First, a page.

George Clinton

George Clinton – Diasporic Music

Brothas Be, Yo Like George: Ain’t That Funkin’ Kinda Hard On You?

By Norman (Otis) Richmond aka Jalali

"George Clinton aka Dr. Funkenstein alias The Long Head Sucker is about sex, drugs and funk & roll.”  Clinton is much more, for sure. He is a visionary who, as Nelson George has pointed out, "Happens to have an encyclopaedic knowledge of pop music, from doo wop to hip-hop.”

Clinton’s new memoir, "Brothas Be, Yo Like: Ain’t That Kinda Hard On You?” is about his struggle to recoup the money that has been ripped off from him and members of Parliament/Funkadelic by the avaricious business world.


Clinton’s memoir is a serious critique of the recording industry. In interviews Clinton tells everyone to read his book from page 379 on. It is the reason he wrote this volume.

He goes into great detail about how he and his band members have been picked clean by the business. Says Clinton, “The total amounts left behind are paltry when they should have been a hundred or two hundred thousand dollars a year minimum.


You’re talking about millions of records sold, in four different formats (vinyl, cassette, CD and download) and then beyond that all the licensing and sampling.”


Many of these players have international connections.

George Clinton has Canadian connections

Clinton has a Toronto, Canada connection. He discusses his Canadian links many times in his memoir. 

He grew up in Newark, New Jersey but spent most of his time in Plainfield, New Jersey where he first worked in the Silk Palace, a barbershop he eventually owned.


He used to fry, dye and slick to the side the hair of Sam Cooke and Jackie Wilson. He also lists Patti LaBelle as one of his former clients.

Before the funk there was doo wop and Clinton was first moved by “Frankie Lymon and the Teenagers.”


Frankie Lymon was Michael Jackson fifteen years before the real Michael Jackson. Lymon inspired Clinton's group, which became the Parliaments, named for the cigarettes. Vocal groups were named after cigarettes and cars in the 1950s.

Clinton named his singing group the Parliaments after the cancer stick. Ray Davis, Clarence “Fuzzy” Haskins, Calvin Simon and Clinton were the line-up of the group. The group was formed in Newark in the 1950s.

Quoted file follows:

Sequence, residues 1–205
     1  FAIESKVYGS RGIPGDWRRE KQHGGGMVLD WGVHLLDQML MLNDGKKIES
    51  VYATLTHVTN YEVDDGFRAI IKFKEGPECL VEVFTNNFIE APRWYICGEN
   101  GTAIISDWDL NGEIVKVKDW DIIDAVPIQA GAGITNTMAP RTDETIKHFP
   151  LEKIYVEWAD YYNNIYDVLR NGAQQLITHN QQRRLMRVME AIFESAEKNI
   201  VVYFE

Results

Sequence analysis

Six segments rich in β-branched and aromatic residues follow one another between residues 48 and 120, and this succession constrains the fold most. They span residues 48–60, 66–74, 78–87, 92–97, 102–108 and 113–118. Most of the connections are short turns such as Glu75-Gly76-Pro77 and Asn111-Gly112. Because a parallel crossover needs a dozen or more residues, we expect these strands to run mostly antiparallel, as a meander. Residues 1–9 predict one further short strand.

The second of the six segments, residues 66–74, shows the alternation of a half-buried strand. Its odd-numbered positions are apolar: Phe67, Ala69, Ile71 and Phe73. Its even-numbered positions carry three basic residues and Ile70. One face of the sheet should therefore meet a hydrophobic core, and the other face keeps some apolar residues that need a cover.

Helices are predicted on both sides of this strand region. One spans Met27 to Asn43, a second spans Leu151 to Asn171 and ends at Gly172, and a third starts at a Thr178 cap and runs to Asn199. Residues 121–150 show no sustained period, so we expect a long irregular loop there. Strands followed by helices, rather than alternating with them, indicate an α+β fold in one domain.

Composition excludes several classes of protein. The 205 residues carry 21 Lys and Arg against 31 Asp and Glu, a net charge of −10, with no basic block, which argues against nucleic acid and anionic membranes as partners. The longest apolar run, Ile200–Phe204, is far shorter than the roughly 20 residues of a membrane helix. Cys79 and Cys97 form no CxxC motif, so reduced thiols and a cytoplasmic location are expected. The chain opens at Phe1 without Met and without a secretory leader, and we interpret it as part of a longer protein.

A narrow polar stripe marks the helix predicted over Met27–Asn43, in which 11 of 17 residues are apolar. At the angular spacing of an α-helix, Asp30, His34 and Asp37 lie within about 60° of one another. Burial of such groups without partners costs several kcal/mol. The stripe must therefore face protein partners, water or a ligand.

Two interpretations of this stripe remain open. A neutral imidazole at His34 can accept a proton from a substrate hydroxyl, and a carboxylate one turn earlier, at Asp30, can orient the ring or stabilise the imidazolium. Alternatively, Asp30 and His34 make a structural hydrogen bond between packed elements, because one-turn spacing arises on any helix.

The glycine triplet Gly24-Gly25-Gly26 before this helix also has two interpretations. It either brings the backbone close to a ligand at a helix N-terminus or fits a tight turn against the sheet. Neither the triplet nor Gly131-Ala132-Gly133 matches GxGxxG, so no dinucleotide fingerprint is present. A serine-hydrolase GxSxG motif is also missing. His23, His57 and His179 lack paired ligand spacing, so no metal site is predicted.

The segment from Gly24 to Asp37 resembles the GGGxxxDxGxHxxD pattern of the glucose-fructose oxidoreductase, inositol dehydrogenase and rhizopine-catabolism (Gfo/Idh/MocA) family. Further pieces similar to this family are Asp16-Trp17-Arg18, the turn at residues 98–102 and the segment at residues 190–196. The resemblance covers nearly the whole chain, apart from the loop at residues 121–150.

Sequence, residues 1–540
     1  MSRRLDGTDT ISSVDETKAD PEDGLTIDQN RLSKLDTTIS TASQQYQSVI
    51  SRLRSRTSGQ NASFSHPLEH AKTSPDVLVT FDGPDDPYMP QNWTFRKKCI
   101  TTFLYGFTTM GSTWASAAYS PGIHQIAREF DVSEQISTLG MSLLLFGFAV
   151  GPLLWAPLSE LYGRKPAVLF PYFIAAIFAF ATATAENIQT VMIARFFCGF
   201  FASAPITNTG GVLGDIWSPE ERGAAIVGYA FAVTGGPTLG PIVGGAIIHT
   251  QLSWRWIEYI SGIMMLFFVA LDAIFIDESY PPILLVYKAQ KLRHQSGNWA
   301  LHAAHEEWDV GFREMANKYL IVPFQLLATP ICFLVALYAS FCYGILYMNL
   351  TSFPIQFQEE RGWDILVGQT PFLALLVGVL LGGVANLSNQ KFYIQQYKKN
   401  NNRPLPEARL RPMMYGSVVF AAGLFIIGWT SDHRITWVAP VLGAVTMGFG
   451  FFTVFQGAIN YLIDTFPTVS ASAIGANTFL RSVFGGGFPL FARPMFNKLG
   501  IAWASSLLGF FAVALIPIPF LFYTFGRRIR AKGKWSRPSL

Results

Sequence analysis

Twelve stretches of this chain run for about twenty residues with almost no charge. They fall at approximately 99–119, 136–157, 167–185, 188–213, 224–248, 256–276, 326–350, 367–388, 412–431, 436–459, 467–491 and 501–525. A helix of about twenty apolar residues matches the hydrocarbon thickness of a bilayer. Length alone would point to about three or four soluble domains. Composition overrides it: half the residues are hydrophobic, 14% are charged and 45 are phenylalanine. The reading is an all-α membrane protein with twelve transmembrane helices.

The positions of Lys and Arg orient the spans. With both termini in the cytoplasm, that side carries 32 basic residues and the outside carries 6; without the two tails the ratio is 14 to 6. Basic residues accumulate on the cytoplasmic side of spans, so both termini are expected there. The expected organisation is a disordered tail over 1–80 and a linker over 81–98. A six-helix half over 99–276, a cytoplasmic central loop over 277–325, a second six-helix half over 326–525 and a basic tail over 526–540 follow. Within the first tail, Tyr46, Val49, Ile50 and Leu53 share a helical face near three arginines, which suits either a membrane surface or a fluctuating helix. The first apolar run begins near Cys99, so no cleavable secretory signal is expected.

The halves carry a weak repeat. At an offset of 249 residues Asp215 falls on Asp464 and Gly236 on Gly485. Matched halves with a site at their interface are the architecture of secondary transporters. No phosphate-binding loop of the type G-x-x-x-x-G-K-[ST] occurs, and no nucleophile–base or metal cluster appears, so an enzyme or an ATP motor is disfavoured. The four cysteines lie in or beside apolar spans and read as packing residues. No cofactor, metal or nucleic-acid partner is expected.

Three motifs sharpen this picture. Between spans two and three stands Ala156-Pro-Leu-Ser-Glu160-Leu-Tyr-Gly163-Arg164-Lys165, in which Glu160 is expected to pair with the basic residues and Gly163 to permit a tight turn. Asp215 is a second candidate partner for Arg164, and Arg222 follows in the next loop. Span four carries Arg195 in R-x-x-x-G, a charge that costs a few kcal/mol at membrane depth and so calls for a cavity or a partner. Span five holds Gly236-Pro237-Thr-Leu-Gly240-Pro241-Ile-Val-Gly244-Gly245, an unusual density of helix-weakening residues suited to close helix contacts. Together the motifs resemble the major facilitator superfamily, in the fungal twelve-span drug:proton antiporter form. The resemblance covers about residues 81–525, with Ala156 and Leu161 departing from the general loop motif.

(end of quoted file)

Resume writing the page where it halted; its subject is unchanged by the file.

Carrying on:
The musical component Funkadelic (Billy Bass Nelson, Eddie Hazel, Lucius Ross aka Tawl Ross, Tiki Fulwood and Bernie Worrell) were recruited from Clinton’s barbershop in Plainfield, New Jersey.

Clinton also sent the second wave of Funkadelic (Cordell “Boogie” Mosson and Garry Shider) to warm up in the bullpen in Toronto.


Says Clinton, “…We needed a futile place for them to play and evolve and, just as important, a safe place for them to escape a drug and crime scene in Plainfield that was getting worse by the minute.”


One of the reasons Clinton has a soft spot for Canada is because of the radio station CKLW.  CKLW was a 50,000 watt station which held sway over much of the upper Midwest. This Windsor, Ontario, Canada radio station CKLW helped propel the Parliaments single (I Wanna Testify) to hitsville, in 1967.

Clinton would later meet Ron Scribner, a Euro-Canadian and a partner of Ronnie Hawkins, who was a member of the Band that backed Bob Dylan on his first electric tour. He ran a Toronto agency that managed the Guess Who and other high profile Canadian acts.

Clinton brought folks from New Jersey to Bombay together

The Funk man found other former folks from New Jersey like Dianne Brooks in Toronto when he arrived. Brooks joined the ancestors on April 29, 2005 in Toronto.


Clinton also recruited Prakash John, an Indo-Canadian who was born in Bombay. John worked with Parliament/Funkadelic on the albums 'Chocolate City' and 'America Eats Its Young' while sharing bass playing duties with William “Bootsy" Collins on tour.

Black power for black people

While I admire Clinton’s cultural contribution, drive, leadership and entrepreneurial skills his politics demonstrate why politics must be in the front of our struggle for world African Liberation.


Says Clinton “I was never a huge fan of the Black Power movement, I admired their aims, but I was more about dogs than dogma. I wasn’t likely to get into a shootout with Black Panthers and Samba Wachanga (the military unit of the US organization) and I sure as shit wasn’t going to get caught in the crossfire.”

Clinton should understand that Huey P. Newton and the Black Panther Party were right when they called for “Power to the People” and "Black Power for Black People.” Despite his skepticism. . . he has experienced what most Africans in America have experienced.

In 1967 the Parliaments were topping the charts with “I Wanna Testify.” They were still dogged by the State. Clinton has the final words. "In fact, we were in New Jersey for the Irvington riots. Traffic was snarled and we had to walk despite the heat.


We had just bought these new suits, and when we ran into the police blockage, the officers made us put our jackets on the ground, where they stomped on them to see if we had weapons.”

Nuff Said!



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